A huge thank you to Mariana Funes for writing this thought provoking blog, that really gets to the heart of what contemplative pedagogy is about.
I have been reading the beautifully titled article by Sandra Braman ‘When nightingales break the law: silence and the construction of reality’ and it has made a big impact on me. I teach online insight dialogue at the Mindfulness Studies Masters at Lesley University. Contemplative Pedagogy is integral to my work and what makes it interesting and challenging is that all my teaching is online inside a Learning Management System; designing and delivering a course that enacts contemplative dialogue on this kind of system is a non-trivial task.
At times I feel very alone, against a tide that privileges the social over the contemplative.
Sandra’s paper speaks beautifully to the need for a balance between these two different ways of meaning making,
“Strikingly, theorizing about digital technologies has led us to recognize many habitual subjects of research as figures against fields that are also worthy of study. Communication, for example, becomes visible only against the field of silence. Silence is critically important for the construction of reality – and the social construction of reality has a complement, the also necessary contemplative construction of reality.”
Yet, we do not act in the world as if these two realms where equally valuable. Instead, we seek ways to distract ourselves when a rare moment of contemplation becomes available in a busy day. We are born to distraction and must cultivate attention. So Sandra encourages us all to protect our moments of silence,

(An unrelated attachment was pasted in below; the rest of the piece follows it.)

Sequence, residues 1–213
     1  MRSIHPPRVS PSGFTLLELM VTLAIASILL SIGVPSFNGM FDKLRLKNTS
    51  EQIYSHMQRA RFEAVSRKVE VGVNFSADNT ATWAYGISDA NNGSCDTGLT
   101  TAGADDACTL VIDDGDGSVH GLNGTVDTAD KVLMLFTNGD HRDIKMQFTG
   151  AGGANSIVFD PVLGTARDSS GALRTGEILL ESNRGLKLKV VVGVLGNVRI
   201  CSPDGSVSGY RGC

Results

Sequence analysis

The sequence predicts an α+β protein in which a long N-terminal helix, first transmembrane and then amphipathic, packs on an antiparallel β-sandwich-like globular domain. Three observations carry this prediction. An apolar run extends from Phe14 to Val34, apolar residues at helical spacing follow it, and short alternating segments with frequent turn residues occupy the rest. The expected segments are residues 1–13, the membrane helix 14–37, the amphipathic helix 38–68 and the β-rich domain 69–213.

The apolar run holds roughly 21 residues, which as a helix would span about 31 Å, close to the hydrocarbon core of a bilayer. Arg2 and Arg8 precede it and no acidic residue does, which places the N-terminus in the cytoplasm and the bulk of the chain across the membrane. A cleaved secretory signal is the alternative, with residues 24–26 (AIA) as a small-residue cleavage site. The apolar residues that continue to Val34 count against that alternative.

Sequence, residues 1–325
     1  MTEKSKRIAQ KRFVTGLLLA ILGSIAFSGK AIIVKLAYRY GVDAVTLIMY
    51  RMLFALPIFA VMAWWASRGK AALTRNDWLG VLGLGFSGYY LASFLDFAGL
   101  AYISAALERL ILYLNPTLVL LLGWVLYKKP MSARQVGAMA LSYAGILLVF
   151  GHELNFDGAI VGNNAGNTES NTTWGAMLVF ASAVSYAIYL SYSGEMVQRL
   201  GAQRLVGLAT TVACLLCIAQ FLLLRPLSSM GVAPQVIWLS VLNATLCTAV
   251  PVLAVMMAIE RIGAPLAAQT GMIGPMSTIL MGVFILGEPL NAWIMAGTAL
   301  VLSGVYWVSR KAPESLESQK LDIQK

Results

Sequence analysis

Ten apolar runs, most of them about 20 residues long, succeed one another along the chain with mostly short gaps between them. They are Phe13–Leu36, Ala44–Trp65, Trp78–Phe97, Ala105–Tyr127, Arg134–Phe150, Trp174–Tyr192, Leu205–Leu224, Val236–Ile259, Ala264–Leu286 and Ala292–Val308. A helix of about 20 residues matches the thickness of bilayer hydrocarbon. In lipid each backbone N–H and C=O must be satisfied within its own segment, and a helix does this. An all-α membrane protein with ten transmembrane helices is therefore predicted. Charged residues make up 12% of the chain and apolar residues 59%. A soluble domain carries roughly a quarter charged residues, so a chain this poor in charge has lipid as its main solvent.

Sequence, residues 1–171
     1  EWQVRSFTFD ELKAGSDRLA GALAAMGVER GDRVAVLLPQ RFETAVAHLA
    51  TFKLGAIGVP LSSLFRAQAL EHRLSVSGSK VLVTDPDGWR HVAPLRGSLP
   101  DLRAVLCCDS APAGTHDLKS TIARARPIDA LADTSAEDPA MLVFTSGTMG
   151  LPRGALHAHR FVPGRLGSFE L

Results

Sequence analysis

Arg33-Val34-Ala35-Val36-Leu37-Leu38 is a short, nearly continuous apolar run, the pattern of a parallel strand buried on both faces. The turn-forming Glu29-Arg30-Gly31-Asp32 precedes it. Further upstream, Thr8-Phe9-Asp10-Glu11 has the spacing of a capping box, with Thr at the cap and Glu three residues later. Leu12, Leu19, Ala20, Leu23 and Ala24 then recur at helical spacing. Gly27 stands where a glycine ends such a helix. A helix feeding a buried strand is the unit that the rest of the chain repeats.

“Finding ways to protect silence as an arena of personal and social choice is particularly poignant […] at this frontier moment for the human species.”
This put me in mind of the idea that attention and how we use it is a moral and a political act. Iain McGilchrist synthesises this well when he tells us that “Attention is a moral act: it creates, brings aspects of things into being, but in doing so makes other recede.” Attentional choices often requires us to work against habit and ease, we need to become contemplation activists. Fighting to ‘protect silence as a personal and social choice’ often means taking the inconvenient course of action. Why bother?
We bother because we are losing the battle with mind chatter. We are being weighed down by too much information and too few inconvenient choices. Our mind chatter has become an inner landfill and unless we cultivate attention, distraction will win and our cognition will (is already?) suffer. We want permanence and yet all we have is a reality that is dialectical in nature; oppositional constructs that are held in tension and, paradoxically, only temporarily permanent. Silence and conversation. Stillness and movement. The social and the contemplative. And we see this flow over time only if we cultivate our attention and stop being seduced by distraction.
So I am now calling myself a contemplation activist. I remind myself daily that:
- I need to cultivate fluidity to see background and foreground beyond motivated reasoning
- I should ask: What is not being attended to?
- Remember to pause to see the world as it presents itself to the eye not just seek to impose a shape on it
- Mind chatter is the boundary of conscious and unconscious, I train the mind to access it when I cultivate silence and pause
- Else, fast will always win